Let’s move on to the more important aspects of this article. In my 40 years in the field of hypnosis, judging the receptivity of a client has been extremely important and great clues as to how the client might react to my suggestions.

I teach my students that, to me, these three factors are the most important clues to judge the client’s receptivity:

Impressionability, Imagination, Trust.

Let’s examine these words. People who are easily impressed make great subjects. Here is an example of impressionability:

Sometimes, poll takers stop people coming out of a movie and ask the first person this question: “You just saw the movie ‘Blindside.’ What did you think about it?”

The person responds: “I enjoyed it. It was pretty good.” Now the second person coming out responds to the same question like this: “Oh my GOD! This was the BEST movie I have ever seen! I am going to see it again tomorrow!”

Who is the better subject? The 2nd person because he/she was greatly IMPRESSED! That type of person would, most likely, be very impressed with hypnosis. Impressionability tends to open the door to the imagination and leads to a very receptive and willing subject. By the way, and ironically, WILLINGNESS is NOT a factor in judging the subject. Just because a person is willing, which is a given, there is no guarantee that he/she will be a good and responsive subject. I have had plenty of people on stage and in my private practice that were willing but did not become great subjects. Hence, in the stage shows, I did send some back to the audience. I repeat: Just because a person is WILLING, it does not guarantee a good subject.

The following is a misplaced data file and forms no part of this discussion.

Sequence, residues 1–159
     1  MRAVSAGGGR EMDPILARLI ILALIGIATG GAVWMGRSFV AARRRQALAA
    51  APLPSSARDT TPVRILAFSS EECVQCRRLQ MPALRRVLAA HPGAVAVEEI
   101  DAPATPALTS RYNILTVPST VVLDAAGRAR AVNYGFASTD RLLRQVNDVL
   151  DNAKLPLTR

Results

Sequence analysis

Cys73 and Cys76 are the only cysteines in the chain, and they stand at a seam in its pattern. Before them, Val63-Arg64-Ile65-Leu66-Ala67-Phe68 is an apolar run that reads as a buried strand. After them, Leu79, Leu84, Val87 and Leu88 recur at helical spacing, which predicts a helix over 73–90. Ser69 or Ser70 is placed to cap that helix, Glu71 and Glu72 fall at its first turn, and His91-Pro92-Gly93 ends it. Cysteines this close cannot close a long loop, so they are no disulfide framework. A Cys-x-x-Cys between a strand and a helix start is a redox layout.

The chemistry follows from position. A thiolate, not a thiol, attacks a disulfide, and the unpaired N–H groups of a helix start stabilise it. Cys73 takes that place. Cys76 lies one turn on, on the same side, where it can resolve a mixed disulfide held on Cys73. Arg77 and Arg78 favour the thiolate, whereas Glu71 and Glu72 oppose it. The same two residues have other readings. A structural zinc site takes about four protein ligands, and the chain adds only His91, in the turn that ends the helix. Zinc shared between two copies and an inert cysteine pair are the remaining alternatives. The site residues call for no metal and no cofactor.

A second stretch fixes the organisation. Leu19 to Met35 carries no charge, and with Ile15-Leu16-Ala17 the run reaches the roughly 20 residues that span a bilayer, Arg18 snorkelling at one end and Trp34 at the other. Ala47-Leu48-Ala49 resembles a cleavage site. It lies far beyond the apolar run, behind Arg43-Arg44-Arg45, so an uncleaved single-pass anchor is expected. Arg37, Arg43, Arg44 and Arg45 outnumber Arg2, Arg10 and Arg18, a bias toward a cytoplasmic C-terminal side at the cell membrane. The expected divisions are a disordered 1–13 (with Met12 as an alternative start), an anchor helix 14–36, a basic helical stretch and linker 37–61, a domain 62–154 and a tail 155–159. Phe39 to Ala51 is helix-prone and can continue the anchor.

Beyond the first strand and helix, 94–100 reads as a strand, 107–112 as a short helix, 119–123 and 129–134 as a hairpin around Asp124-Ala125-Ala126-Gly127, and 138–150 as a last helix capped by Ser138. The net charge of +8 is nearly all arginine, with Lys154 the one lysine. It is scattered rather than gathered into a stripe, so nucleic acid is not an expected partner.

1. Let’s go on to IMAGINATION. People with vivid imaginations also tend to be good subjects. Paraphrasing Constantin Stanislavsky, the great Russian teacher of acting once said in his book An Actor Prepares, “The imagination gives the subconscious mind a license to perform.” Stage hypnotists realize that his statement is really true as they motivate people to act out specific scenes that they are put into. It is truly amazing what people will actually do when allowed to perform in various scenarios.